Related policy and discussion by Central Banks
As of 2011, it is thought that the Bank of England is targeting nominal income and not inflation (at least in the short term), as inflation is greater than one percent above its target, and income is growing at nearly five percent.
The Reserve Bank of New Zealand, the pioneer of inflation targeting, responded directly to a Scott Sumner report on Income targeting, stating "The Reserve Bank said that nominal GDP targeting was a complex, technical approach to monetary policy. GDP was subject to large revisions, making policy difficult to communicate."
As of Fall 2011, the number and influence of economists who supported this approach was growing. The leading proponent was Scott Sumner, with his blog "The Money Illusion." Supporters include Lars Christensen with "The Market Monetarist," Marcus Nunes with "Historinhas," David Glasner with "Uneasy Money," Josh Hendrickson with "The Everyday Economist," David Beckworth with "Macro and Other Market Musings," and Bill Woolsey with "Monetary Freedom." Australian economist John Quiggin also supports nominal income targeting, on the basis that "A system of nominal GDP targeting would maintain or enhance the transparency associated with a system based on stated targets, while restoring the balance missing from a monetary policy based solely on the goal of price stability." Supporters of nominal income targeting often self-identify as market monetarists, although market monetarism could also be construed as a broader term.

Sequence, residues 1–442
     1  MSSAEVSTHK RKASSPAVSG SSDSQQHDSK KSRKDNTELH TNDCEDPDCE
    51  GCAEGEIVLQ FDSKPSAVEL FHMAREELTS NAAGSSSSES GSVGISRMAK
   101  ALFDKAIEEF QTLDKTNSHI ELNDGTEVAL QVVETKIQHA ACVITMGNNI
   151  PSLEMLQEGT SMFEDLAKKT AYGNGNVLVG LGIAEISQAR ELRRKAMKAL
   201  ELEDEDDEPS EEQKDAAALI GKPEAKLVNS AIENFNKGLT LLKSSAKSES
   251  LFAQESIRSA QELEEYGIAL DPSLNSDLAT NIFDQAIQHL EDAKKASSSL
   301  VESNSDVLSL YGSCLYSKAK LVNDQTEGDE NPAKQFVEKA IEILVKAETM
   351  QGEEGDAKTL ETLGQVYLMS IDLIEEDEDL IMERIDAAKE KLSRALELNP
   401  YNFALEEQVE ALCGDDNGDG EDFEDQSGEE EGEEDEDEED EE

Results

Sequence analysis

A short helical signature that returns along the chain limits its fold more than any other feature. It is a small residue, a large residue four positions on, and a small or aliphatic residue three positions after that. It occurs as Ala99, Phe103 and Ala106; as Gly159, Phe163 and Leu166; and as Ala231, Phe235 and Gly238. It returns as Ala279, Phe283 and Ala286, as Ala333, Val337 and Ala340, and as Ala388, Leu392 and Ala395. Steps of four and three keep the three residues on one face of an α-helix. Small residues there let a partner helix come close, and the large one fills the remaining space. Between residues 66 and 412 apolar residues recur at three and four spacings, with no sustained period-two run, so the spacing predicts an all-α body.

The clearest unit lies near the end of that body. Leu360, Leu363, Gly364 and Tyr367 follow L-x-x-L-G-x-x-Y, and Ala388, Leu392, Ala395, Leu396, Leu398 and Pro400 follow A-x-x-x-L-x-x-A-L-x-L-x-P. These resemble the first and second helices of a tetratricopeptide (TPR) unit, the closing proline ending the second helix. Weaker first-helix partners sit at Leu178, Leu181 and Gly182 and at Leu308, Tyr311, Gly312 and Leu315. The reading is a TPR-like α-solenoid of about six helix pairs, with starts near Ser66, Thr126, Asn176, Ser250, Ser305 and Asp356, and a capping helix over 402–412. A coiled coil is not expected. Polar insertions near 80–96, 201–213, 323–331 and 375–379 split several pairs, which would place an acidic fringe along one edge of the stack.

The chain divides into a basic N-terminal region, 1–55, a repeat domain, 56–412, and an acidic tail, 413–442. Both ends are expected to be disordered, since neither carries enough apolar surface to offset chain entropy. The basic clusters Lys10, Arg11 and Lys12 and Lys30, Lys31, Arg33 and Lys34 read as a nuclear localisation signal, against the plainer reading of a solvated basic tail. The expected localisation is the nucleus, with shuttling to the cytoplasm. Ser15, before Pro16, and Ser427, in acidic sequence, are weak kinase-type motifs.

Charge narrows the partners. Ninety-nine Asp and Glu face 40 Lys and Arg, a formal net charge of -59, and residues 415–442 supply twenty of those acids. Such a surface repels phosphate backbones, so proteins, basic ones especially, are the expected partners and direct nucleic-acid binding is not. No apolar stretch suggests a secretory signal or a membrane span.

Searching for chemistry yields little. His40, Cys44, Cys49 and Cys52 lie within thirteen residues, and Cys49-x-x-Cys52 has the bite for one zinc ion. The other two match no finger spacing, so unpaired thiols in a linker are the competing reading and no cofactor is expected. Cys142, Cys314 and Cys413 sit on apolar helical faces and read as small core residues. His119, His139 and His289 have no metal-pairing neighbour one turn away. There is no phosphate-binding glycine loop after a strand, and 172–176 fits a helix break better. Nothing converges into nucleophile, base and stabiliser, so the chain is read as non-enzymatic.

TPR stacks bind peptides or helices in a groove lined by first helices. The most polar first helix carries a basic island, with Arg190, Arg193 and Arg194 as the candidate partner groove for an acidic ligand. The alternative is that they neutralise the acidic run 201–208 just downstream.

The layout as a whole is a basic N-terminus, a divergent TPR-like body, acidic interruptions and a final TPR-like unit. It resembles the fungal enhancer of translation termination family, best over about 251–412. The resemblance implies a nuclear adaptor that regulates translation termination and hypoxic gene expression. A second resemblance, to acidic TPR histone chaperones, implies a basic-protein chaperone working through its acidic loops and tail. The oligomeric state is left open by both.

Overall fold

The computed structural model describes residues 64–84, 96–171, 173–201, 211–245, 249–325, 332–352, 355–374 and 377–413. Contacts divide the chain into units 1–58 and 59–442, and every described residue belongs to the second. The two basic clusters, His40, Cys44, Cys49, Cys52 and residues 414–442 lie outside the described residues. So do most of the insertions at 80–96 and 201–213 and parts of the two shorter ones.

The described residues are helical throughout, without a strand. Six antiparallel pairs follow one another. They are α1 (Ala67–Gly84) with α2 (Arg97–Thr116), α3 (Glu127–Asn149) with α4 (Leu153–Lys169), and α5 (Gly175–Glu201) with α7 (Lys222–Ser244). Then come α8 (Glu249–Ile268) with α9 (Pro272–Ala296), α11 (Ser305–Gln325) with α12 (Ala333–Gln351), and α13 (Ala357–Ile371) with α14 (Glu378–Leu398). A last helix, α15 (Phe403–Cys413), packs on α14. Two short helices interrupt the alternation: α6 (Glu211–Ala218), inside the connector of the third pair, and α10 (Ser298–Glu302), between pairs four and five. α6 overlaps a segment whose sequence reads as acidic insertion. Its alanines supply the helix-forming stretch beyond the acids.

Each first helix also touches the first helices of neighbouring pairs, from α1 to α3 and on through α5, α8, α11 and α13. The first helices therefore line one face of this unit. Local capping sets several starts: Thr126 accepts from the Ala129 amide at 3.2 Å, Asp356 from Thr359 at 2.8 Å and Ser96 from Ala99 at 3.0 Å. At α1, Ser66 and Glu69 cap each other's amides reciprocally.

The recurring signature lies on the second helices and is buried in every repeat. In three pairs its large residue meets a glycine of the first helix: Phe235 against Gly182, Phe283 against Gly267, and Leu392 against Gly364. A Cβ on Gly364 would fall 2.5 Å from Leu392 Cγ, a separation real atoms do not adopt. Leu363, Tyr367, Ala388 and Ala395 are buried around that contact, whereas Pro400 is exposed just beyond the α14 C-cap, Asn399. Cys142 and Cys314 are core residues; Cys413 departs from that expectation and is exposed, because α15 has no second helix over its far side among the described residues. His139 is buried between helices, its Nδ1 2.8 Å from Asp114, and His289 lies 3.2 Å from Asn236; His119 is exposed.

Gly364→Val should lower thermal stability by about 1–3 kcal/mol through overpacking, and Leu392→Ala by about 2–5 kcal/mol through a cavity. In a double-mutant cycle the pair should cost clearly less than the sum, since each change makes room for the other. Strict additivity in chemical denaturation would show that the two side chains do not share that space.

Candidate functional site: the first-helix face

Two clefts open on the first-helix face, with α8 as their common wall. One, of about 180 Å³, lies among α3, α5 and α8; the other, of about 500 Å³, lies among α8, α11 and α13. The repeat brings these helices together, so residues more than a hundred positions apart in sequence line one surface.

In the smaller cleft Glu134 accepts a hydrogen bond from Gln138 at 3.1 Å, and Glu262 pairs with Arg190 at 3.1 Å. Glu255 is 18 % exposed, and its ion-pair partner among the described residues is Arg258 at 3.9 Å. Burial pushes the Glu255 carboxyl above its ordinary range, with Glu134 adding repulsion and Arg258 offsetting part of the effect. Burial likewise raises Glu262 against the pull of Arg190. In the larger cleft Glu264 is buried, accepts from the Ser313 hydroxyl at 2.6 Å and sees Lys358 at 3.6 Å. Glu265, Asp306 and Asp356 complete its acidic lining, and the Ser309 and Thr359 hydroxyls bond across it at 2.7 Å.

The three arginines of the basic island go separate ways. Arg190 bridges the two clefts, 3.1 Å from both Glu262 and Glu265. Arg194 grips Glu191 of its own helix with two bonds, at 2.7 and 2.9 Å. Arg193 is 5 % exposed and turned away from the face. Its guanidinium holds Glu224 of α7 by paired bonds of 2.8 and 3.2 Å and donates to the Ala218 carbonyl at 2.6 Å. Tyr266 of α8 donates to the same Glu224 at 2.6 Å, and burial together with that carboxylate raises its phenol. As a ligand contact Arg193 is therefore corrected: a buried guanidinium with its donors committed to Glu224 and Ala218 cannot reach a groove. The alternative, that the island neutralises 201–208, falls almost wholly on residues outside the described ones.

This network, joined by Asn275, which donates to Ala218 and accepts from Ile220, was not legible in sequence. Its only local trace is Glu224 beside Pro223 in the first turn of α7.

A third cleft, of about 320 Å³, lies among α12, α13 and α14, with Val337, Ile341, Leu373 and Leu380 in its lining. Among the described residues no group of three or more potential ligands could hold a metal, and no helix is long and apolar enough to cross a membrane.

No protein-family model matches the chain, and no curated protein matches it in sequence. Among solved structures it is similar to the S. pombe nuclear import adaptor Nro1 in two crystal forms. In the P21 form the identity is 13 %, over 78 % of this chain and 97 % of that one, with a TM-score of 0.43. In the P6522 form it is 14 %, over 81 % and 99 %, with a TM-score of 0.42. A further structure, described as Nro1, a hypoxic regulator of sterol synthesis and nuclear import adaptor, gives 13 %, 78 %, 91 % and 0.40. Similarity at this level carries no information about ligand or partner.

Among policymakers, Vince Cable, United Kingdom Business Secretary, has described himself as "attracted" to nominal income targeting, but declined to elaborate further. Charles L. Evans, president of the Federal Reserve Bank of Chicago, said in July 2012 that "nominal income level targeting is an appropriate policy choice" because of what he claimed was its "safeguard against an unreasonable increase in inflation." However, "recognizing the difficult nature of that policy approach," he also suggested a "more modest proposal" of "a conditional approach, whereby the federal funds rate is not increased until the unemployment rate falls below 7 percent, at least, or until inflation rises above 3 percent over the medium term."
Few academic publications analyze nominal income targeting, although it has been shown that similar monetary policy performs better than real income targeting during a crisis.
- A developing country needs to follow a credible economic policy with which it can survive.
- The IMF often tells a developing country to target its inflation rate, but inflation targeting makes it difficult for the country to handle an adverse supply shock or a terms-of-trade shock, because monetary expansion increases the prices of imported goods. If a country targets its inflation rate when it suffers negative supply shocks, then the growth of its real GDP becomes volatile.
- Negative supply shocks often occur in developing countries, because their economies are likely to be damaged by natural disasters and social unrest. They tend to suffer from adverse terms-of-trade shocks as oil prices go up and their commodity export prices decrease. India is regularly subject to supply shocks, such as good or bad monsoons.
If a country targets its NGDP, Frankel argued, it gives the country more flexibility in dealing with such shocks, and it can achieve a steady growth in [nominal] output.
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- GDI is thought to be a more accurate measure